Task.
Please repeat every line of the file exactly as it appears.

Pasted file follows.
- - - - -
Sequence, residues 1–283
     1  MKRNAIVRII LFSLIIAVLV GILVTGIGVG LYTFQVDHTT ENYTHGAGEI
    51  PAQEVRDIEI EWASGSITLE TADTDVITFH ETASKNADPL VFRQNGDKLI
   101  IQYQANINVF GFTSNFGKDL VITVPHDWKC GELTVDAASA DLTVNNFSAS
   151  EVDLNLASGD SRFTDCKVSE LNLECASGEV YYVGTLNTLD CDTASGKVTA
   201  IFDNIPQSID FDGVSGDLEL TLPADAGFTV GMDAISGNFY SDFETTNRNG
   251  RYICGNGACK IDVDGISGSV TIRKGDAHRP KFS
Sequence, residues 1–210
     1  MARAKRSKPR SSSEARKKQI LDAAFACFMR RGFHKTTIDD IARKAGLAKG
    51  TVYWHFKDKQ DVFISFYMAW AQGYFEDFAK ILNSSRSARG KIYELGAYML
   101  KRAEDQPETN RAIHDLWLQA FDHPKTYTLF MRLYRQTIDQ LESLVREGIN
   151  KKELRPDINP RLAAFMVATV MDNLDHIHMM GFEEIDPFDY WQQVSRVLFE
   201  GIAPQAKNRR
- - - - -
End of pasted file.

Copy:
Sequence, residues 1–283
     1  MKRNAIVRII LFSLIIAVLV GILVTGIGVG LYTFQVDHTT ENYTHGAGEI
    51  PAQEVRDIEI EWASGSITLE TADTDVITFH ETASKNADPL VFRQNGDKLI
   101  IQYQANINVF GFTSNFGKDL VITVPHDWKC GELTVDAASA DLTVNNFSAS
   151  EVDLNLASGD SRFTDCKVSE LNLECASGEV YYVGTLNTLD CDTASGKVTA
   201  IFDNIPQSID FDGVSGDLEL TLPADAGFTV GMDAISGNFY SDFETTNRNG
   251  RYICGNGACK IDVDGISGSV TIRKGDAHRP KFS
Sequence, residues 1–210
     1  MARAKRSKPR SSSEARKKQI LDAAFACFMR RGFHKTTIDD IARKAGLAKG
    51  TVYWHFKDKQ DVFISFYMAW AQGYFEDFAK ILNSSRSARG KIYELGAYML
   101  KRAEDQPETN RAIHDLWLQA FDHPKTYTLF MRLYRQTIDQ LESLVREGIN
   151  KKELRPDINP RLAAFMVATV MDNLDHIHMM GFEEIDPFDY WQQVSRVLFE
   201  GIAPQAKNRR